Answer: 4 Principle of flotation: A floating object displaces a weight of fluid equal to its own weight. Weight of displaced fluid = ¾ (density-of-water) x volume of block Weight = density x volume of block, so density-of-block = ¾ (density-of-water) A very-low-density object, like an inflated balloon, floats high on the water, and a denser object, like a piece of hardwood, floats lower into the water. An object half as dense as water floats halfway into the water (because it weighs as much as half its volume of water). Wood that floats 3/4 submerged, is 3/4 as dense as water—like the block in question—more than half the density of water. The density of the block compared to the density of water is the same as the fraction of the block below the water line.

Pascal’s Principle A change in pressure at any point in an enclosed fluid at rest is transmitted undiminished to all points in the fluid. Eg: City water pipes: If pumping station increases pressure by certain amount, then pressure increases by that same amount in pipes throughout city. Pascal’s principle enables large weights to be lifted via small forces: Consider first simple U-tube: Pressure exerted downwards on left piston transmitted through tube to force right piston upwards – same pressure,same force. Now consider making right-side much wider. Same pressure change throughout means output force (= pressure x piston area) is larger by factor of the area. Hence large weights can be lifted by small forces. Idea behind hydraulic press. Simple machine: force multiplier (but same energy – distance moved up on right is less by factor of area than distance moved down on left)

Surface tension Surface of a liquid tends to contract – called surface tension. Liquid tries to minimize surface area. Example: Paintbrush in water – hairs spread out, as they would if dry in air. But when raised, the surface film of the water contracts and pulls hairs together Surface tension is why liquid drops are spherical – surfaces tend to contract so force each drop into the shape with least surface area, ie a sphere (ball). Best seen with small drops, since gravity flattens larger ones. Start from here on Fri

Surface tension cont. “sticky molecules”
Surface tension caused by molecular attractions: Below surface, molecule pulled by all neighbours, all directions equally. So no net pull. At surface, there are no molecules above, so net pull is downward into the liquid – leads to minimization of surface area. Water – unusually high surface tension compared to common liquids. Soap or oil floating on water tends to get pulled out into a film entire surface, so to minimize surface area of the water. Surface tension depends on temperature: Cold water – larger surf. tension than hot, since molecules don’t move as fast, so more strongly bonded. So in hot soups, oil or fat bubbles can form spherical droplets floating on top. When soup cools, the fat is drawn over the entire soup forming a film – “greasy soup”. Big reason why cold soup tastes different from hot!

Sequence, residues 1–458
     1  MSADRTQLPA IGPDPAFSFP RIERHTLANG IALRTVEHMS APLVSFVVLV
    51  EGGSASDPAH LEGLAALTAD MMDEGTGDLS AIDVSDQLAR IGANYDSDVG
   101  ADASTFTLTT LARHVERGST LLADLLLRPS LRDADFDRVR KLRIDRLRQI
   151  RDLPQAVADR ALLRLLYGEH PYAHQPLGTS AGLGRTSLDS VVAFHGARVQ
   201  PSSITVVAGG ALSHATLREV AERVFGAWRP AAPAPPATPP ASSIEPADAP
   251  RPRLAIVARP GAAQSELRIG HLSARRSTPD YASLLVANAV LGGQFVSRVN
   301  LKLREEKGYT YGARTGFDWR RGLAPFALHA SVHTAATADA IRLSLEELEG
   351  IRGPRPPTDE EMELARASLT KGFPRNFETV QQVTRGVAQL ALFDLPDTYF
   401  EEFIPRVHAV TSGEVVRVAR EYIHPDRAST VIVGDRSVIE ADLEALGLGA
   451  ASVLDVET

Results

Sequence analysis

Capillarity How exactly does this work?
Another effect of “sticky molecules” in liquid – liquid tends to rise up thin (glass) tubes. The thinner the tube, the greater the rise. Called capillarity. How exactly does this work? Molecules stick more to glass than to themselves. adhesion cohesion Height reached is determined by balance between upward adhesive force and downward grav. force on column So liquid drawn up to glass surface and then contracts. Steps: Responsible for why if one end of a towel hangs down into water, it soaks upwards Essential for plants – how they get the water from the ground into roots and sap up to high branches

1. Lower in water 2. Higher in water
Compared to an empty ship, will a ship loaded with a cargo of Styrofoam float lower in water or higher in water? Ch 13-1 Thanks to Milo Patterson and Steve Hewitt. 1. Lower in water 2. Higher in water

Answer: 1, Lower in water Principle of Flotation: A floating object displaces a weight of fluid equal to its own weight. Ship with cargo weighs more, so will displace more water, i.e. float lower in water. A ship will float highest when its weight is least—that is, when it is empty. Loading any cargo will increase its weight and make it float lower in the water. Whether the cargo is a ton of Styrofoam or a ton of iron, (i.e. same weight), the water displacement will be the same.

An astronaut on Earth notes that in her soft drink an ice cube floats with 9/10 its volume submerged. If she were instead in a lunar module parked on the Moon, the ice in the same soft drink would float with 1. less than 9/10 submerged. 2. 9/10 submerged. 3. more than 9/10 submerged. Ch 13-5 Thanks to Josip Slisko.

Answer: 2 How much a floating object extends below and above the liquid depends on the weight of the object and the weight of the displaced fluid, both of which are proportional to g. Lower g or increase it; the proportion floating above and below is unchanged.